7–10 March 2017

Ain Bailey is returning to Wysing to host a Study Week that will explore the role of sound in the formation of identity. Following an open call for applications, the following participants have been selected for the Study Week: Beverley Bennett, Tariq Emam, Deborah Findlater, Elizabeth Graham, Christopher Kirubi, Frances Morgan, Harriet Pittard, Adam Saad and Nathalie Wuerth.

Open Call: Study Week led by Ain Bailey

The Study Week will explore the role that sound plays in our identity formation using the term ‘sonic autobiography’, which might best be explained when compared to the format of BBC Radio 4’s Desert Island Discs. Lauren Istvandity’s The Lifetime Soundtrack: Music as an archive for autobiographical memory (2014) provides invaluable insight into the ways in which sound and music are central to our identities, and is an exploration of the “interface” between memory and music, which permeates everyday life. The term “lifetime soundtrack” seeks to describe, “the metaphorical canon of music that accompanies personal life experience”. Songs can often be used as a communication tool when participants feel inarticulate and unable to express feelings. Lyrics can shape identity from a young age, and can help to provide an overview of episodes in one’s life through metaphor.

What are the six sounds that have a particular resonance for you? Perhaps it’s the sound of a creaking door in the house of a beloved family member; the call to prayer from a mosque in your neighbourhood; the song/piece of music that reminds you of your first love/crush/attraction or the soundtrack in a club or house party that feels like home.

The sonic collections of study week participants will be shared in listening sessions.

Each participant will be asked to consider and reflect upon their choices and then create a response in the medium of their choosing.

Istvandity notes that technology is often used to evoke memory. It is more difficult to reproduce the qualities of older listening formats. The reproduction of an older format to a new one can alter the memory of the original listening experience/memory. i.e. lack of clicks/scratches on digitised vinyl.

In offering a context for some sonic autobiographies, and in particular those of queer people of colour, Dr Gemma Romain will lead a session on an historical view of a collective sonic biography. This session will explore sources including archival government records which relate to queer and black clubs of the 1930s. Reading against and along the grain of the archive this session explores how information on lives of queer black and white interwar individuals, including individuals’ experiences of Soho music and nightlife, can be found in archival police surveillance and court records. Participants in the session will explore copies of archival documents, discuss the type of sources which can be found relating to queer black lives and how these sources highlight histories and experiences of aurality.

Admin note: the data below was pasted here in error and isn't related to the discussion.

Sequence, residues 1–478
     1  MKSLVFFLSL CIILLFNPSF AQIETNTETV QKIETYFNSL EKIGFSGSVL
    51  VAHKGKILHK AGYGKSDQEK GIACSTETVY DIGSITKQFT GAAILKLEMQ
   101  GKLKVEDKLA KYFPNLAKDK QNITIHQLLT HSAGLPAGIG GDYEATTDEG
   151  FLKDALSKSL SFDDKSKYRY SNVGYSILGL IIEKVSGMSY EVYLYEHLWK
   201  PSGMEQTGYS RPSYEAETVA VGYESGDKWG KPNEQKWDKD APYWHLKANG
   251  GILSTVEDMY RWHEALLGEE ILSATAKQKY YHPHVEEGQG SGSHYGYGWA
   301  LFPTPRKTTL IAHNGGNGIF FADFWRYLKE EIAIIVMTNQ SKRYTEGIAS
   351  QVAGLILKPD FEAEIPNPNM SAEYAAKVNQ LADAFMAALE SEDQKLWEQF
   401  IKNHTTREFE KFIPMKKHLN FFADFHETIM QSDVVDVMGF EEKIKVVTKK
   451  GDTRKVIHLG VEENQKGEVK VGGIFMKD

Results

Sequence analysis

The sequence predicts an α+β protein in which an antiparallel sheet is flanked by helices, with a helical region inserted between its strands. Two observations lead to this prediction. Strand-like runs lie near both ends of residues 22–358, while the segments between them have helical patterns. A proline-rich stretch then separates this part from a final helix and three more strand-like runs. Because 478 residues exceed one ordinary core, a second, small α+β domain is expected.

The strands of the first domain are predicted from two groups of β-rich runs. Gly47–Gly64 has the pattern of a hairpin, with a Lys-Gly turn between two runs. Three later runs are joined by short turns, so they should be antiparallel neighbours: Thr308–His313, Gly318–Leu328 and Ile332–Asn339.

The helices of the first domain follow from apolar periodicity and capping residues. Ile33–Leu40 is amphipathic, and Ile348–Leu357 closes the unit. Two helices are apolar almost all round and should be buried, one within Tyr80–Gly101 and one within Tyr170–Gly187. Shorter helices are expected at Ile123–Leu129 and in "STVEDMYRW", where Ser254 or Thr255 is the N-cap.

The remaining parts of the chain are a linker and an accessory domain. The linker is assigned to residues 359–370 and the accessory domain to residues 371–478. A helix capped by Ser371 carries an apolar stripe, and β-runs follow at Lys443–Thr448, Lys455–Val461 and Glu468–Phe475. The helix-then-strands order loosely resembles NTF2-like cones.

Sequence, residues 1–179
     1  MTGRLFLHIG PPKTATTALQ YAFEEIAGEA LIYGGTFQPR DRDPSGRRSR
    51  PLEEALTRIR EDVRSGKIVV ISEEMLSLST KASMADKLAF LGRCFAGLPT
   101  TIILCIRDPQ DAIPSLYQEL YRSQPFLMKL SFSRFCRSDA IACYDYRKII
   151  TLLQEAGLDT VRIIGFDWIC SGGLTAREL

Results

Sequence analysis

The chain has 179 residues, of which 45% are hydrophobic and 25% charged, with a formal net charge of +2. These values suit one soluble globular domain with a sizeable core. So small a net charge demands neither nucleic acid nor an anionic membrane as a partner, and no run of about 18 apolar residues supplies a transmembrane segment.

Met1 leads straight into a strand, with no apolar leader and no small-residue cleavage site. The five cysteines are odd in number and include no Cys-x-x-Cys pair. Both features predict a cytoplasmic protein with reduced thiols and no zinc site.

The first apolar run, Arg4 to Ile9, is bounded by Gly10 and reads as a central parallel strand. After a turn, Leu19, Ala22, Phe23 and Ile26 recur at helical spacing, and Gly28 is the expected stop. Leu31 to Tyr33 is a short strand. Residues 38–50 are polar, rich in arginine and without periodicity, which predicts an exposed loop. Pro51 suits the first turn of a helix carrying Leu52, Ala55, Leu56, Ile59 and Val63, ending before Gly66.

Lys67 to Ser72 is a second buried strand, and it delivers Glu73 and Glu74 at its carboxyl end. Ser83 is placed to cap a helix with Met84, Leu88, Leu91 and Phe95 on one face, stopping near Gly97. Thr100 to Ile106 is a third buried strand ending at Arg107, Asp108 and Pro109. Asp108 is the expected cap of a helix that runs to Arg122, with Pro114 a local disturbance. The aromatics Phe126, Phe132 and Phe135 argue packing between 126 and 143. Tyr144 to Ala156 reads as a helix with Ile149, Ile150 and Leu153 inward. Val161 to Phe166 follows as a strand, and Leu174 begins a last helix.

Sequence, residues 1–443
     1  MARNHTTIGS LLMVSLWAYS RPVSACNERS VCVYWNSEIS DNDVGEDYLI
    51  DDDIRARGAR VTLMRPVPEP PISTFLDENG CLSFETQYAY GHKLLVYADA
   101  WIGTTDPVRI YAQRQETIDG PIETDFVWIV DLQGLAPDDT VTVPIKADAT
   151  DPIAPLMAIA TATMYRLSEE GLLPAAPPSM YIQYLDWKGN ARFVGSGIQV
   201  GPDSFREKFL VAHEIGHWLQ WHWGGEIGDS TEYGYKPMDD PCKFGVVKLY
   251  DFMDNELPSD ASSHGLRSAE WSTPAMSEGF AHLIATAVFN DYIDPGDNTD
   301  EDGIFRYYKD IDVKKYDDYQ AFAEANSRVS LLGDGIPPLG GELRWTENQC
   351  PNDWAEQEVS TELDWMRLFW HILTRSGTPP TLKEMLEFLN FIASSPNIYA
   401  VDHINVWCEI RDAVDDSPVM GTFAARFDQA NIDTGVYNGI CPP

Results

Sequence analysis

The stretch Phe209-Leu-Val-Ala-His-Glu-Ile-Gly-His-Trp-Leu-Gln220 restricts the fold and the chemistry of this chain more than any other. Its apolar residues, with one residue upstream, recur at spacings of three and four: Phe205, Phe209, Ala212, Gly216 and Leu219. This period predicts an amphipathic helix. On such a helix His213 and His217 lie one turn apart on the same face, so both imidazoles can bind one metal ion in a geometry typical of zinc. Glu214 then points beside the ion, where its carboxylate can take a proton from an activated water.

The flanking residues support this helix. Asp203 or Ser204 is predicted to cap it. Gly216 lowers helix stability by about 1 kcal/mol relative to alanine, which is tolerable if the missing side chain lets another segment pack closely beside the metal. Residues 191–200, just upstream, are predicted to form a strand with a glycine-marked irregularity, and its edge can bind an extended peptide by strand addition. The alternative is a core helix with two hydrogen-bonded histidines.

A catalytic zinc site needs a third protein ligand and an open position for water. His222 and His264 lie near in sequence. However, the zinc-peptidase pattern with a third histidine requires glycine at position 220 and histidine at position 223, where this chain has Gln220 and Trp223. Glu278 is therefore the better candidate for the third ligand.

Study week residents will be invited and encouraged to share DJing responsibilities for a session which will seek to evoke blues parties as sites of intimacy through music. The embodiment of music, via dancing, is another key aspect of a person’s sonic autobiography. How often, where and why one danced to a particular song can create a memory soundtrack.

Each day yoga, meditation and walking will take place as a way to balance the interiority of ourselves and the possibility of deep emotional engagement during this sonic exploration.  

Reference: Istvandity, Lauren. "The lifetime soundtrack: Music as an archive for autobiographical memory." Popular Music History 9.2 (2014). 

The Study Week will take place from 7-10 March 2017 

The deadine for applying to participate in this Study Week has now passed. The successful applicants are: Beverley Bennett, Tariq Emam, Deborah Findlater, Elizabeth Graham, Christopher Kirubi, Frances Morgan, Harriet Pittard, Adam Saad and Nathalie Wuerth.


Ain Bailey is a sound artist, living and working in London, UK. Her current practice involves an exploration of architectural acoustics, live performance,  as well as collaborations with performance, visual and sonic artists. Among these is performance/visual artist Jimmy Robert, who commissioned Bailey to create a composition for his 2016 show 'Desendances du Nu' at the CAC-Synagogue de Delme, Delme, France. Bailey has exhibited and performed both nationally and internationally, and 'Oh Adelaide' her collaboration with the artist Sonia Boyce, has shown in London at Tate Britain and the Whitechapel Gallery, and The Kitchen, New York, to name but a few international art spaces. Most recently, Bailey was commissioned by Art Basel Miami Beach 2016 to compose for the Soundscape Park. Bailey is also a doctoral scholar at Birkbeck, University of London.

Dr Gemma Romain is a historian who specialises in Caribbean and Black British history, with a particular interest in Queer Black histories, Black histories and visual culture, Jewish histories in modern Britain, and modern Grenadian history. She is an Honorary Fellow of The Parkes Institute for the Study of Jewish/non-Jewish Relations, University of Southampton and has recently worked at The Equiano Centre, Department of Geography, UCL on various projects relating to Black British history. Her book Race, Sexuality and Identity in Britain and Jamaica: The biography of Patrick Nelson, 1916-1963 will be published by Bloomsbury Academic in 2017.